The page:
Orville Lee Jenkins
Son of Joseph Asa and Julia Virginia (Terry) Jenkins

Notes from the memory of Orville Boyd Jenkins, son of Orville Lee Jenkins  

Family Names:  Jenkins, Terry, Gregory, Green, Grubbs

My father, Orville Lee Jenkins, was born in Mountain View (Mt.  View), Oklahoma on 10 April 1912.  He later lived as a child in Fort Cobb, Oklahoma, where his father was the town Marshall.  My grandparents later moved to Chickasha, Oklahoma.

Joseph Asa Jenkins (called Papa Joe by grandchildren) and Julia Virginia (Terry) Jenkins (Mama Jennie) continued to live in their same house on 20th Street until they had to move to special care.  This was the house where my father had lived as a teenager.  He recuperated in this house for 4-5 years after a terrible case of osteomyelitis, which left him crippled, with only his left arm, immobile hips and stiff knees.

From this house, he learned electronics and radio technology, through a correspondence course.  With this as a start, he began repairing radio sets, even during his learning stages of the course.  This led to his own radio sales and repair business.  Dad began getting up and around again only at age 19.

Business Foundations
Dad told me stories of his experiences and adventures from that time.  He attempted to return to high school, but his business demands made his schedule so erratic, his high school principal was concerned about his attendance.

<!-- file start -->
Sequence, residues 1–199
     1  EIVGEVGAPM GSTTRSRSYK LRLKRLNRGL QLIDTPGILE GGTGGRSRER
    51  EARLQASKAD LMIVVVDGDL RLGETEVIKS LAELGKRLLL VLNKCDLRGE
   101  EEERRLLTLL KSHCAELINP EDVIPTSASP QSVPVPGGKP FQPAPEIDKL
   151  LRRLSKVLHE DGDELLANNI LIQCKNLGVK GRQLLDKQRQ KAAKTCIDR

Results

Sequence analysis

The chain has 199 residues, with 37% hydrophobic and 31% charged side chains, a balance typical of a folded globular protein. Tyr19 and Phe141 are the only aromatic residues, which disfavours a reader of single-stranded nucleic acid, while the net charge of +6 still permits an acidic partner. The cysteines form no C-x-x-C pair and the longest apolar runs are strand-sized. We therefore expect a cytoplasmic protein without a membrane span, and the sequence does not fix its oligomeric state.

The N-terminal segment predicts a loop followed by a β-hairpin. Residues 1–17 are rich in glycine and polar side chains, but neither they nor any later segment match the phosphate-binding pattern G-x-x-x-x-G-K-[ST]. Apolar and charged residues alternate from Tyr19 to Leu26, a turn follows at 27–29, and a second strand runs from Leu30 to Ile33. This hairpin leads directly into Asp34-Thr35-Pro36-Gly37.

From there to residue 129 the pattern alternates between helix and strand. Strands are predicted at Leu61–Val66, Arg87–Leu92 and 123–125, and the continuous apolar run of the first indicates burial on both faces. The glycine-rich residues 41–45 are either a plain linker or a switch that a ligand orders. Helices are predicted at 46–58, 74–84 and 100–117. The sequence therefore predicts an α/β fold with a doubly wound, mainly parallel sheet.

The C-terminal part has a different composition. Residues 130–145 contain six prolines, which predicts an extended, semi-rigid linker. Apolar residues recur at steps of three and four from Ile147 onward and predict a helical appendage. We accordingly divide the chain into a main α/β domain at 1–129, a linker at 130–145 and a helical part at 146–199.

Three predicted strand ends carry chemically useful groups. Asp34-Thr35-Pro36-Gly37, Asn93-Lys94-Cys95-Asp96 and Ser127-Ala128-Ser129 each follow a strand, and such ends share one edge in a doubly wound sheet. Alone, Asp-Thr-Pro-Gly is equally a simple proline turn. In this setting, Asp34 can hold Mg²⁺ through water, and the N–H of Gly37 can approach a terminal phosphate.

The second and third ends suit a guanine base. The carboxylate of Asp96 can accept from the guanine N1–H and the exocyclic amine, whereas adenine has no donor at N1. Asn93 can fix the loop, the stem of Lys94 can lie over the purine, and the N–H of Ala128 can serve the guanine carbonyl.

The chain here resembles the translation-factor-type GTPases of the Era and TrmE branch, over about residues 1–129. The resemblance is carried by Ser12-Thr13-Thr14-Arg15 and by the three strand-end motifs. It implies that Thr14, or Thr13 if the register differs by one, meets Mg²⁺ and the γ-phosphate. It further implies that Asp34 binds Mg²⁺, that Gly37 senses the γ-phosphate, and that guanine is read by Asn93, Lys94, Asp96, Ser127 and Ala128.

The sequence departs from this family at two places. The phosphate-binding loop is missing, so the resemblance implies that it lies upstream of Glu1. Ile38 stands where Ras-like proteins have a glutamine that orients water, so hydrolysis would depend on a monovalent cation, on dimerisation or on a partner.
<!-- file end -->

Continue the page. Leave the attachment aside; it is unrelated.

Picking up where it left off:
Finally the strictures of required attendance became a hindrance that too far outweighed the benefits of continuing his formal high school education at that time.  My father told us he quit school to focus on his already very successful business.  He later took government exams for his electronics engineers' license.

He proceeded into various business ventures, hiring assistants for his radio service business.  He shared the business premises with his brother Arthur Carthal ("Bud").  Bud sold Maytag appliances in his side of the business.  Their older brother Thomas Asa ("Acy") was also in the appliance and furniture business in nearby Anadarko.  Their sister Mabel owned Home Furniture Store in Chickasha till she handed that over to her son Kerwyn when she retired.

Bud continued in the appliance business in Chickasha throughout his life.   Asa's son Asa Lee tells me that Asa was in the Maytag sales business in Fort Cobb, Oklahoma, when he married his wife Nova Bernice Grubbs.  In 1936 Asa went into an appliance business with his father-in-law James Grubbs in Anadarko, Oklahoma.  After Mr. Grubbs died in 1941, Asa bought out Grubbs' share from his family.  In 1956 Asa expanded by buying a furniture store in town, which he later merged with the appliance business into one store.

The War
In addition to continuing his radio and electronics business in Chickasha, during World War II, Orville was a radar repair supervisor at Tinker Air Field in Midwest City (Oklahoma City).  Bud and their young sister Netheline (Nan) also worked there.  Orville finally sold his interest in the electronics business some time after he moved to Quanah, Texas, in early 1951.  There he opened a radio station, which was my childhood context.